Then came the revelation that Balls opposed Alistair Darling's plan to halve the deficit in four years, and continues to do so. For many months in this column, I have made clear the dangers of falling back into recession. I have never believed it was appropriate to set out a plan to reduce the deficit by a certain date,
principally because of the high levels of uncertainty we face. Economic policy in these circumstances has to be path-dependent. Much rests on the extent to which the world economy slows and whether the banks start lending and firms begin investing and hiring again. Plus, it remains an open question whether consumers will start spending again.
Worryingly, the coalition still appears to have no plan B, though house prices have apparently begun to fall again and the number of first-time buyers has dropped sharply. The government's plans, which Balls rightly calls "heartless and wrong-headed", are the road to disaster.
Bernanke's much-anticipated speech, made at a meeting of central bankers at Jackson Hole, Wyoming, had much the same tone as that of Balls. The ex-chairman of the economics department at Princeton and scholar of the Great Depression argued that, because the task of economic recovery and repair remains far from complete, this is no time to end the stimulus.
Bernanke warned that high unemployment - particularly long-term unemployment - not only imposes heavy costs on the unemployed and their families and on society, but also "poses risks to the sustainability of the recovery itself through its effects on households' incomes and confidence". It is a stark warning for the UK, where confidence has been hit recently and incomes are falling.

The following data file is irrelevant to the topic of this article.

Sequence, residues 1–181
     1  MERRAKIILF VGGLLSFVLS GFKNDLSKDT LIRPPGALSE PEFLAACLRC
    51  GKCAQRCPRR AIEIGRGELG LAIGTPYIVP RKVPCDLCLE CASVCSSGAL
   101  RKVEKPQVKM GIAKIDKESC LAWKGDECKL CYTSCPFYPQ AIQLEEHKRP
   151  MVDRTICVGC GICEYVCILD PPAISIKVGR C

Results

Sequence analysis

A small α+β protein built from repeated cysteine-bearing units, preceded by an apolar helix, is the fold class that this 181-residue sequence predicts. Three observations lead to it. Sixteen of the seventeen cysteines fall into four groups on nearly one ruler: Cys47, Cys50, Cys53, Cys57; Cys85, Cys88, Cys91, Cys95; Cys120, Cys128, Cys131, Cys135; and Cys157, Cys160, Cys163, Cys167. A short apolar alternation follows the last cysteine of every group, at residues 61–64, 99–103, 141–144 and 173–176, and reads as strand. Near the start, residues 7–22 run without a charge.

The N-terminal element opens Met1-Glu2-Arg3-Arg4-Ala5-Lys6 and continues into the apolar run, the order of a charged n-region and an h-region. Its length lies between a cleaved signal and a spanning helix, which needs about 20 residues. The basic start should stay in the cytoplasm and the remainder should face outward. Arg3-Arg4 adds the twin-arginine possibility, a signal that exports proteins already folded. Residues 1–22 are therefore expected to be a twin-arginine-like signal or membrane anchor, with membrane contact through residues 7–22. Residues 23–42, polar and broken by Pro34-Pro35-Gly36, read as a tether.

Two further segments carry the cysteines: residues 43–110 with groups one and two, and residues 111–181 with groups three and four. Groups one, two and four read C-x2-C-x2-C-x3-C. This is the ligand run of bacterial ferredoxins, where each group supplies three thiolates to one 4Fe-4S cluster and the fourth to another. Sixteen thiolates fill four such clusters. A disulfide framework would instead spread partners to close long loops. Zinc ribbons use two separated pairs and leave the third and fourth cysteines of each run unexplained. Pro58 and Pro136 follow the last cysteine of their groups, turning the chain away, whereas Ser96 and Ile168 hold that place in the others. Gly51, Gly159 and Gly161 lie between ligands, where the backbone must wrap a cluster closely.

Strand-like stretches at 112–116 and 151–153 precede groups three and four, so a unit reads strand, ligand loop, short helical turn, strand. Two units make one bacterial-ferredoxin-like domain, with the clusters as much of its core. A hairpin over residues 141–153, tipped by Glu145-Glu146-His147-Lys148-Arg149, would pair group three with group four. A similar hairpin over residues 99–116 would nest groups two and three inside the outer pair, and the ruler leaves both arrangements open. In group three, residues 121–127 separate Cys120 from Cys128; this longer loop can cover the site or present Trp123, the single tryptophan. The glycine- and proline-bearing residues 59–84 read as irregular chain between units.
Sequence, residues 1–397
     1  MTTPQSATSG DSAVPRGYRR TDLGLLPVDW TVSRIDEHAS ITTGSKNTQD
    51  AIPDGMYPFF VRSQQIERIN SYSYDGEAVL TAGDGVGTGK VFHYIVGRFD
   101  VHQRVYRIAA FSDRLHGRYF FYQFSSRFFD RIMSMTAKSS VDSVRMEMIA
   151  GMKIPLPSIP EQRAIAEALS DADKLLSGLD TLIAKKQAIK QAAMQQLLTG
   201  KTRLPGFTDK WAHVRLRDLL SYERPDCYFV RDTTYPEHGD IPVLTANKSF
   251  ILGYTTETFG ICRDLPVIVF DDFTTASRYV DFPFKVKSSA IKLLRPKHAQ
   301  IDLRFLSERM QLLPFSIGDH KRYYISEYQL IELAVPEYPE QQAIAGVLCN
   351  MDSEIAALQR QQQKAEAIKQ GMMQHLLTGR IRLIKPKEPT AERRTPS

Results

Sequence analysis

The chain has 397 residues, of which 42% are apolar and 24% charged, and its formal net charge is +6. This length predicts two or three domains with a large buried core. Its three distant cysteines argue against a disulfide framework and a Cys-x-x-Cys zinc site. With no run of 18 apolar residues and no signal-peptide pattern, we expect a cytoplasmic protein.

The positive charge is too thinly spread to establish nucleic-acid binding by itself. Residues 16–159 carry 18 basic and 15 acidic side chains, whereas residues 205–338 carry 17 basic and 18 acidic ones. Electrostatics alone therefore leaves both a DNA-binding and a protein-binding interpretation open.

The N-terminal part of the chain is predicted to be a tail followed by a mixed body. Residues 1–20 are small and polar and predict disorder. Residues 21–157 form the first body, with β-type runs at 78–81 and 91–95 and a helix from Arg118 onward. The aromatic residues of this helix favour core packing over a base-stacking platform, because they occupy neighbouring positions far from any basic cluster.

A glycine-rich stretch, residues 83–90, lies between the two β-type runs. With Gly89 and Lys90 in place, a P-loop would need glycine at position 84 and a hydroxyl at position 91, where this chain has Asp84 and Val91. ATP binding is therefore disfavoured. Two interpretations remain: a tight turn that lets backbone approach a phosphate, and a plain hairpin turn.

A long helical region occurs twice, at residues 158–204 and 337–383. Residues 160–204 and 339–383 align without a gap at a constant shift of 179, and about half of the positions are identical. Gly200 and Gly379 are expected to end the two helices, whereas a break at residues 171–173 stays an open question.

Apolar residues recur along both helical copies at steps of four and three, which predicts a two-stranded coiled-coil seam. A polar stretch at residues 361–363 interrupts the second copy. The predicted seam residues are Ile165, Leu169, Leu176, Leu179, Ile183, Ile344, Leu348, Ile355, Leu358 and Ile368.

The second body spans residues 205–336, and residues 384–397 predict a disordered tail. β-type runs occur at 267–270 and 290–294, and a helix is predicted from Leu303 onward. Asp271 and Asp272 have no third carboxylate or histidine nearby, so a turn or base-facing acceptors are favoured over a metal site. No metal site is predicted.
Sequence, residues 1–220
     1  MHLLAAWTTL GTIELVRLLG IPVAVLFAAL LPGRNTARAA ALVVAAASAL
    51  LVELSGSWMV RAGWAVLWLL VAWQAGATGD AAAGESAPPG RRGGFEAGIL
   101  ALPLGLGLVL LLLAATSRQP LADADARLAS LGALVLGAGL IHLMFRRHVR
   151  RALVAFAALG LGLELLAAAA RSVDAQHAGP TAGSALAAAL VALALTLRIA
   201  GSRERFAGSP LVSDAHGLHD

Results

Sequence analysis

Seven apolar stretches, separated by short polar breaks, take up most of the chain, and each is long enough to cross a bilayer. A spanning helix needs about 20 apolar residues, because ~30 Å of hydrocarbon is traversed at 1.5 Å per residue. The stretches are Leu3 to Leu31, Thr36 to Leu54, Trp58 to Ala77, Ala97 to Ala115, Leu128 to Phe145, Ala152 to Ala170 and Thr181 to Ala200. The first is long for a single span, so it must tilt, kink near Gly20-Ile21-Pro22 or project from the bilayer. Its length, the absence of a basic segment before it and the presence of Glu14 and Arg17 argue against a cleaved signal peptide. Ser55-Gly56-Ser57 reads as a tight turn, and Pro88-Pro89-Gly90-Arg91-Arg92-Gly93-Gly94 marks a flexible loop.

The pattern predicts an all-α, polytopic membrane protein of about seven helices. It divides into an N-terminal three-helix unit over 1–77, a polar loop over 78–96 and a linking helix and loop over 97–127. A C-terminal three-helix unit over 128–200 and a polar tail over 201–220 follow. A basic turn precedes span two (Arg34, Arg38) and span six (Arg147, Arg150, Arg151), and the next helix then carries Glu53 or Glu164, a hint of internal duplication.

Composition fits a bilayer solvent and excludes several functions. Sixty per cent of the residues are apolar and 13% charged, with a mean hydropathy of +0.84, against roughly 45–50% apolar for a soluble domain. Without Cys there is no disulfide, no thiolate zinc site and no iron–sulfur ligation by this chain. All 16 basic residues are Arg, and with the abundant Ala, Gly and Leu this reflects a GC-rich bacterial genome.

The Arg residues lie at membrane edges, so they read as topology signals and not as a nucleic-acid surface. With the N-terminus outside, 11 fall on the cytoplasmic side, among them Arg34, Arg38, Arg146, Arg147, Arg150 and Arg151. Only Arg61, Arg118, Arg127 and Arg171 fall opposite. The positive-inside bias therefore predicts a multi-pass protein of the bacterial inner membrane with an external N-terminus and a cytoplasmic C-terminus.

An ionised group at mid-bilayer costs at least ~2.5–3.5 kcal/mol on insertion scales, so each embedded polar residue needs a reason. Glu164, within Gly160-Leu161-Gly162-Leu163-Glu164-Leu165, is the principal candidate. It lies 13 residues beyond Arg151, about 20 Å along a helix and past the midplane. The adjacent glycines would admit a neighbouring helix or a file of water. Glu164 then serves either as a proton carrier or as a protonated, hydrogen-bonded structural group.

Bernanke also provided a set of policy options, including his favoured option of expanding the Fed's holdings of longer-term securities - that is, more quantitative easing. Less attractive options, in his view, include easing financial conditions through its communication (for example, by modifying its post-meeting statement), lowering the rate of interest the Fed pays on reserves and increasing its inflation goals. Notably, he made no mention at all of slashing public spending and raising taxes as a feasible way of dealing with the deficit. Sorry, Slasher, no justification for your policies here.
Indeed, Bernanke argued that the federal fiscal stimulus in the US is expected to fade, "but likely not so quickly as to derail growth in the coming quarters". Contrast this with the UK, where the austerity Budget is likely to wreck growth. On 30 August, the chief economist at the British Chambers of Commerce, David Kern, warned that the coalition cuts "increase dangers of a double-dip recession".
Balls may not be a superhero but his economic analysis is totally credible. In my view, he certainly has the credentials to be the next shadow chancellor. If I were Osborne, I would shudder at the prospect of debating with such a sharp economist at the despatch box.
David Blanchflower is a labour economist and a professor at Dartmouth College, New Hampshire, and the University of Stirling